In addition to dividends and interest, it is common to extract the profit as service fees, which are not subject to withholding tax, if some service is actually rendered by the non-resident corporation. Further, royalties are utilised to extract the profit. Royalties are subject to withholding tax at the rate of 20.42 per cent (including reconstruction special income tax) under domestic law, which may be relieved by tax treaties to zero to 15 per cent.

Disposals (from the seller’s perspective)

Disposals

How are disposals most commonly carried out - a disposal of the business assets, the stock in the local company or stock in the foreign holding company?

The methods of disposals vary from case to case.

Disposals of stock

Where the disposal is of stock in the local company by a non-resident company, will gains on disposal be exempt from tax? Are there special rules dealing with the disposal of stock in real-property, energy and natural-resource companies?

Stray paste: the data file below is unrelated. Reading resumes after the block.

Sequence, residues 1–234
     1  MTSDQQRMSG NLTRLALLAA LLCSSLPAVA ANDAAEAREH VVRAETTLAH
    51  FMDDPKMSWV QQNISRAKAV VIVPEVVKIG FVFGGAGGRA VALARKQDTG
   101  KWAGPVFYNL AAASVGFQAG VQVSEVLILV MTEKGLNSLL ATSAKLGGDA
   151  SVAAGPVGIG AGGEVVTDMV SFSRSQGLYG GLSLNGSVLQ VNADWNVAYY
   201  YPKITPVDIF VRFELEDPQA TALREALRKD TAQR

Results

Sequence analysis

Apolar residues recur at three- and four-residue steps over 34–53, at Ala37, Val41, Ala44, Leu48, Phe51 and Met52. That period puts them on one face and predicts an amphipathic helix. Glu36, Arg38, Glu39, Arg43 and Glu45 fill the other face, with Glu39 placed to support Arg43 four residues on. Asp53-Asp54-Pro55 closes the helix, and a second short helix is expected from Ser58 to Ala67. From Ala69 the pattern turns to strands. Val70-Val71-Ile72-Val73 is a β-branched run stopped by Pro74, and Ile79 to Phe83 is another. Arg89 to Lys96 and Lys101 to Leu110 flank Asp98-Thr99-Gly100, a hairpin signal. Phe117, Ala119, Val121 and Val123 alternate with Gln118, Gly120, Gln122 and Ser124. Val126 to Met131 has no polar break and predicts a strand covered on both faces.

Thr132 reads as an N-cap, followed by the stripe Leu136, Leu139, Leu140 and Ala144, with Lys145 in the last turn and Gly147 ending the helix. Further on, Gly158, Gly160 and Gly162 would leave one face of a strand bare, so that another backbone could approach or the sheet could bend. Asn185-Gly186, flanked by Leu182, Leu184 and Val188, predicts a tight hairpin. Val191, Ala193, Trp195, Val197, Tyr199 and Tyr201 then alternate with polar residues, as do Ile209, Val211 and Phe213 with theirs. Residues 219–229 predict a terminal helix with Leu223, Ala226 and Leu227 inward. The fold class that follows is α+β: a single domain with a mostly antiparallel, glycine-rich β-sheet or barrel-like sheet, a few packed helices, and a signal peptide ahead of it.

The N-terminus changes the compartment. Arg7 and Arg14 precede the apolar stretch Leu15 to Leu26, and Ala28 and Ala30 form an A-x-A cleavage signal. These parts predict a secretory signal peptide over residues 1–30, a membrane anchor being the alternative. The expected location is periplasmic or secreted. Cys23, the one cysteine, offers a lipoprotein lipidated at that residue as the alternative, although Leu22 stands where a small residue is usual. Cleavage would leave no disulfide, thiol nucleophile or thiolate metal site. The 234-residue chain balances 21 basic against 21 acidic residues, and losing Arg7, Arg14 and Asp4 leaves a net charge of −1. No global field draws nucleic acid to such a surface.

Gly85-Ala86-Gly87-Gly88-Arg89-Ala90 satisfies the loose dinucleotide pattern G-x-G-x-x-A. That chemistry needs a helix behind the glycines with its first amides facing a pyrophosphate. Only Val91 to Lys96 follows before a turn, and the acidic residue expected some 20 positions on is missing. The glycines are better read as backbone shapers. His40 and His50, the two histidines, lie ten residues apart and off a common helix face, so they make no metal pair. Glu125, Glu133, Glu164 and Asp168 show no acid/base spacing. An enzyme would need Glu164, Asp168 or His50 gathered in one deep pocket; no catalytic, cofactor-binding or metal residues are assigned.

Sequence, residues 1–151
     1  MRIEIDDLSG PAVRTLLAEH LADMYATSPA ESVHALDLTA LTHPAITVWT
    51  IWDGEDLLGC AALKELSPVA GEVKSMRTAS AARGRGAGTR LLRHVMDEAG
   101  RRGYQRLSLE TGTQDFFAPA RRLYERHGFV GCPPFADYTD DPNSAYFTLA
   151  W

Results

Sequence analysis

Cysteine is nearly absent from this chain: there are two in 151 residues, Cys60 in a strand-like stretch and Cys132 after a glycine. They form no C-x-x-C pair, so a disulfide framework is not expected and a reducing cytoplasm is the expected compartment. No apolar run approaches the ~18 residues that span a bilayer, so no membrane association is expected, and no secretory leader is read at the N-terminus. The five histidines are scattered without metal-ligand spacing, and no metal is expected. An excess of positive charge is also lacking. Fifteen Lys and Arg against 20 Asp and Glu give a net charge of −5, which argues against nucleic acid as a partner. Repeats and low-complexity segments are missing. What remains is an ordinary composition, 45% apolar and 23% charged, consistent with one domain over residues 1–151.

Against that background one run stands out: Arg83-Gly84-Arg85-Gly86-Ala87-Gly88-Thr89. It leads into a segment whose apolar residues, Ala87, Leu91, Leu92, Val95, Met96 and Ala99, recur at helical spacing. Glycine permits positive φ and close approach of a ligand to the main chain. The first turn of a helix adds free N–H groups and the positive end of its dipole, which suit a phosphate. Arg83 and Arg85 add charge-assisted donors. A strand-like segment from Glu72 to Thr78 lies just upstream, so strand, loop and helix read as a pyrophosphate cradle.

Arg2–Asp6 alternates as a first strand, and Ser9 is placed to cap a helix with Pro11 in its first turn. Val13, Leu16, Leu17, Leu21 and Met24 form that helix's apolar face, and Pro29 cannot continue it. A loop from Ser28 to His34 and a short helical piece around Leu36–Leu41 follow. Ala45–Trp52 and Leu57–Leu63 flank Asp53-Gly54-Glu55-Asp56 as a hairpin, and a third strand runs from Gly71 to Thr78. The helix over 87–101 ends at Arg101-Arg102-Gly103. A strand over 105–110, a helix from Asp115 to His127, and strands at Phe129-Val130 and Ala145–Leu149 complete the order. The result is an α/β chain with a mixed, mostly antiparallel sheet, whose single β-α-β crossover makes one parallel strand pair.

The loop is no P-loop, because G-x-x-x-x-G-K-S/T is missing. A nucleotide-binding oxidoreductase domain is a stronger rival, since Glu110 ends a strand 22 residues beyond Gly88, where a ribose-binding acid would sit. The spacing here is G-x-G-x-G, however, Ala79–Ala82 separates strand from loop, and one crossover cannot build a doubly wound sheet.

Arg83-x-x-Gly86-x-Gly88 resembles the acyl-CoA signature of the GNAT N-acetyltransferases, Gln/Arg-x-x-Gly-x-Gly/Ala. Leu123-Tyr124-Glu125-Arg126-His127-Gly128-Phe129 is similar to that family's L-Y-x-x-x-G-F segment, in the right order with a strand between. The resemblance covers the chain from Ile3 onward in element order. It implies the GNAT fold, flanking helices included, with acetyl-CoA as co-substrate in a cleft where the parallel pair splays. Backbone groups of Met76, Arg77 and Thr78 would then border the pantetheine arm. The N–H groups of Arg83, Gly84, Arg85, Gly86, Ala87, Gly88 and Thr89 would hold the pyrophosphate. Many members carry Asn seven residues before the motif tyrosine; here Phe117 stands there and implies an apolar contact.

If a non-resident corporation has a permanent establishment in Japan and disposes stock in a resident corporation, the capital gains that arise from that disposal and are attributable to the permanent establishment will be subject to substantially the same corporation (income) tax that applies to resident corporations. The standard rate of corporation tax was reduced to 23.2 per cent from 1 April 2018.

On the other hand, a non-resident corporation that does not have a permanent establishment in Japan will not, in principle, be subject to corporation tax upon the capital gains arising from the disposal of stock in a resident corporation. This also applies to the case where the capital gains are not attributable to the permanent establishment in Japan of a non-resident corporation. This rule is subject to various exceptions, including that applicable if: